Content marketing – that is, the use of high-quality content to generate inbound leads and sales – has been pegged as the way of the future.
It’s easy to see why. Companies that blog get 55% more website traffic and 70% more leads than companies that don’t blog. Not only that, but content marketing is significantly cheaper than alternative forms of marketing such as advertising.
Marketers already spend a quarter of their budget on content marketing, and in a recent poll more than 70% of brands said they plan on increasing that number in 2013.
Content marketing is not just a passing fad; it’s here to stay.
In the years to come, we can expect this field to evolve as it gains more traction. The most successful businesses will be the ones that manage to stay ahead of the curve.
Here are five content marketing trends I predict we will see in the next few years.
1. Insourced content will become more common.
As businesses recognize the value of high-quality content, they’ll start moving more and more of their content production in-house. Paying a writer you found on a content farm $20 to pump out a 600-word post for your company blog will become a thing of the past.
Leveraging your own employees’ time and expertise provides several benefits over outsourcing content, not least of which is that you have more control over the process. As well, attaching employee names and faces to your content humanizes your business and boosts its credibility. It provides an opportunity for you to engage in dialogue with your customers, and show them that you really know your stuff.
Once everyone starts to understand the value of good content, we’ll wonder why we ever thought that outsourcing our content strategy for cheap was a good idea.
2. Long-form content will replace short-form content.
Not only will content start to become more employee-driven, it will become longer and more in-depth.
Neil Patel wrote a post on Quicksprout about how long-form content (2,000 words or more) is consistently favoured by Google over short-form content. This is not because Google determines lengthy content to be inherently more valuable than short content, but because lengthy content generates more links and social media shares than short content.
This is interesting, because people often assume that the Internet has impaired our capacity to consume and pay attention to long-form content. We skim through news articles, Tweet in 140 characters, and can only handle six seconds of a Vine video.
In fact, evidence shows that quality long-form content consistently generates more page views and shares than shorter content – something that we’ve definitely noticed from our own experience here at Powered by Search.
In an increasingly saturated Internet environment, businesses will be forced to produce more of this kind of content (e.g. whitepapers, e-books, hard-hitting blog posts) in order to compete.
3. Content will become increasingly visual.
If content is king, visual content is … whatever’s more powerful than a king (emperor?).
Why? For starters, Facebook and Google+ give far more real estate to posts that contain pictures, making them stand out more in the news feed. Moreover, there’s something about visual content that’s inherently shareable. A picture speaks a thousand words.
Think about the kinds of things that get shared frequently on social media – picture quotes, internet memes, YouTube videos, infographics, gifs. All of these have visual components. Social media platforms like Pinterest and Instagram evolved largely in response to this demand for sharing visual content.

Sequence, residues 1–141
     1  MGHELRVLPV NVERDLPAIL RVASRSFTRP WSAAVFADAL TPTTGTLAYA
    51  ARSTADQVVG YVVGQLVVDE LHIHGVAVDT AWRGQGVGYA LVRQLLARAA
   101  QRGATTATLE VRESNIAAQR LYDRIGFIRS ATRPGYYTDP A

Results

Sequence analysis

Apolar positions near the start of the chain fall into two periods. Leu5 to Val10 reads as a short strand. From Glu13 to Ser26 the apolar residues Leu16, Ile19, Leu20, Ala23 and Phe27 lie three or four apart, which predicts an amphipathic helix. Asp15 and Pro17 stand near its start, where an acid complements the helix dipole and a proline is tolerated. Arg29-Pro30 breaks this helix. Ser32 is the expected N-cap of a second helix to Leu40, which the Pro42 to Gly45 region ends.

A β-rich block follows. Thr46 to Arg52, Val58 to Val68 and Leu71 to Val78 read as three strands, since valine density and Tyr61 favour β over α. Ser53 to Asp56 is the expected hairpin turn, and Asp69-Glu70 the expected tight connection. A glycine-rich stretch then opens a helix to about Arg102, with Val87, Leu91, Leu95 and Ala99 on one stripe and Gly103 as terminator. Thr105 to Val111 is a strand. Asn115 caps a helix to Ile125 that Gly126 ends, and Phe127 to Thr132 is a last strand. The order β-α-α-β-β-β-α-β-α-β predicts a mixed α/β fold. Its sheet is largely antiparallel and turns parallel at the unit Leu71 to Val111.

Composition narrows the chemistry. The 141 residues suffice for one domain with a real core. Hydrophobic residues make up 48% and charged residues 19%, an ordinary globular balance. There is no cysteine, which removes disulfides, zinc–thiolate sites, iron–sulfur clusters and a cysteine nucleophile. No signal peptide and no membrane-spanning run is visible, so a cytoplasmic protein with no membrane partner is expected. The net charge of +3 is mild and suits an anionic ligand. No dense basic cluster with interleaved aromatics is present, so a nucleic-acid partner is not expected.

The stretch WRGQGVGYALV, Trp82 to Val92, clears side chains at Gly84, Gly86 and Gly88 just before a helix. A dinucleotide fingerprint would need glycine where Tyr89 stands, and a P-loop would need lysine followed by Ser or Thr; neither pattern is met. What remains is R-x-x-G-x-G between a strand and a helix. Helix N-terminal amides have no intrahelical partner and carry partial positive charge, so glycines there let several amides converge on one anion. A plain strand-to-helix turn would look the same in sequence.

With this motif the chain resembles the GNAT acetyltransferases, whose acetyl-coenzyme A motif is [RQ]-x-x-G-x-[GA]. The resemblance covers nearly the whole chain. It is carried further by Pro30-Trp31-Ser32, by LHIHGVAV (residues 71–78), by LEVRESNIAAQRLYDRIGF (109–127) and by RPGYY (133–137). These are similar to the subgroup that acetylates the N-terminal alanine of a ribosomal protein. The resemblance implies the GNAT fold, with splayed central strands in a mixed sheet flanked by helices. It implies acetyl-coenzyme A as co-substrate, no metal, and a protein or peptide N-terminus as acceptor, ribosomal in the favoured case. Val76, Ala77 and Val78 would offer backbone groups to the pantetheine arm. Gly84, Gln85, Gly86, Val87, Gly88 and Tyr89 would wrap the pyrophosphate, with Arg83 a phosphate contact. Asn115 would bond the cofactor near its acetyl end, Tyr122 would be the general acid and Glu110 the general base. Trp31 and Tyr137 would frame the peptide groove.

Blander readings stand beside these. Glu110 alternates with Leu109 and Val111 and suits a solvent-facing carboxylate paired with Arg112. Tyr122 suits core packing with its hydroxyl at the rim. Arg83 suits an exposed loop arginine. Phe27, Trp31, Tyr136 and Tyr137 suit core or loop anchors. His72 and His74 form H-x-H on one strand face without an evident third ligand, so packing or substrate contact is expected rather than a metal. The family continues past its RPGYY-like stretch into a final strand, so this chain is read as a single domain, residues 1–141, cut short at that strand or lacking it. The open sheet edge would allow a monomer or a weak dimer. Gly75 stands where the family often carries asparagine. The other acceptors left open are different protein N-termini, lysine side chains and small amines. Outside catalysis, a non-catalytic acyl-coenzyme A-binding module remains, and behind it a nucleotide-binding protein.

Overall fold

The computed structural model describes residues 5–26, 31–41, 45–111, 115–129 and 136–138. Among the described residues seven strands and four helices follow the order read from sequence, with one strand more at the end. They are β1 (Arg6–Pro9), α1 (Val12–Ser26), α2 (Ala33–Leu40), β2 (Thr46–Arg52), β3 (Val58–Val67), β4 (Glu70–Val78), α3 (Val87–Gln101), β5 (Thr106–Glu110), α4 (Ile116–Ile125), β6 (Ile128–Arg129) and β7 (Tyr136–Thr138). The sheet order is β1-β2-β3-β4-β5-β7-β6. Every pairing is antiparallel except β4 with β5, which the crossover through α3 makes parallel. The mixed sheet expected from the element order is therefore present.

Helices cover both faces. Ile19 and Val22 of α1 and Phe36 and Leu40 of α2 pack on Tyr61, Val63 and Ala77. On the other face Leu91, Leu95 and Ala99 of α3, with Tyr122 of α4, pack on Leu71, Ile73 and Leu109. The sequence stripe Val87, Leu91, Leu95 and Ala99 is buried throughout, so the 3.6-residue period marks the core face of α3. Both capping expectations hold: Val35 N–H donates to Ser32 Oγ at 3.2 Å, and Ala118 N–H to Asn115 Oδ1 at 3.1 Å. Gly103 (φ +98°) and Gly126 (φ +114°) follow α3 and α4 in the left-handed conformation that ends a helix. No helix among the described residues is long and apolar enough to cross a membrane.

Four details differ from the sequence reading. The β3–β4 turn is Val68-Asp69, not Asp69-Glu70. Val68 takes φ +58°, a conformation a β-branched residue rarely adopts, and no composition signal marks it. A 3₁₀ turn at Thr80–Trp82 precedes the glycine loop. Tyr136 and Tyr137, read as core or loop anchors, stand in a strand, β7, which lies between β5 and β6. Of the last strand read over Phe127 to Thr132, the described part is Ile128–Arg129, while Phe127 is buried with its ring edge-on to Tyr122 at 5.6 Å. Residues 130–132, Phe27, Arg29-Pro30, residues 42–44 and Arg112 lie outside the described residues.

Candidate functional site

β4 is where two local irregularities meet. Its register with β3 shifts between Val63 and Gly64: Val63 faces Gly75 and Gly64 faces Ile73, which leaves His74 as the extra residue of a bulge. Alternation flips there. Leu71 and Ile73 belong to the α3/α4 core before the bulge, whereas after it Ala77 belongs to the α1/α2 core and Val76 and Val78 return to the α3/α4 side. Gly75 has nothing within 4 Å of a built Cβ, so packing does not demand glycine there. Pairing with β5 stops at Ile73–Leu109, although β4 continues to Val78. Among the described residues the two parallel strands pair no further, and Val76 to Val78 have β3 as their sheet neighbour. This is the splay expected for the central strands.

In the next few years, we can expect to see businesses capitalizing on these visual forms even more than they already do.
4. Targeting will become narrower.
Any marketer will tell you that targeting is the key to success. When it comes to inbound marketing, the first step is to develop your buyer personas. The second step is to tailor all your content toward your buyer personas.
Currently, many companies are executing on the first step, but not the second step. Every time you publish a piece of content, you should have a specific target persona in mind. Targeted content is content that converts.
Digital media companies have been operating content portals targeted toward specific verticals for many years. In the future we can expect to see more content marketers adopting this tactic.
A great example of a company that is already doing this is Procter & Gamble. For example, their Home Made Simple website is filled with content targeted toward modern mothers.
As more businesses hop on the content bandwagon, targeted websites like this will become more prevalent.
5. Content marketing software will become more sophisticated.
Content Management Systems (CMS) today make it easy to publish and modify content from a central location. In the future, we will start to see CMS functionality evolve to include more content production and distribution capabilities.
We already have computer software capable of automatically generating data-driven written reports. This technology will only become more sophisticated in the years to come, taking a lot of the grunt work out of content development.
There will still be a need for content marketers to oversee the creative process, of course, and to edit automated content when necessary. Computers won’t be able to fully capture the human nuances of writing any time soon.
Nevertheless, as automated software and CMS develops, content marketing will become increasingly more of a technical field.
Content marketing is not a new idea. Arguably, it’s been around for centuries. But it’s only now beginning to reach its full potential.
It’s impossible to accurately predict exactly how the field will evolve from here. But one thing is for sure: it’s going to be exciting to watch it all unfold.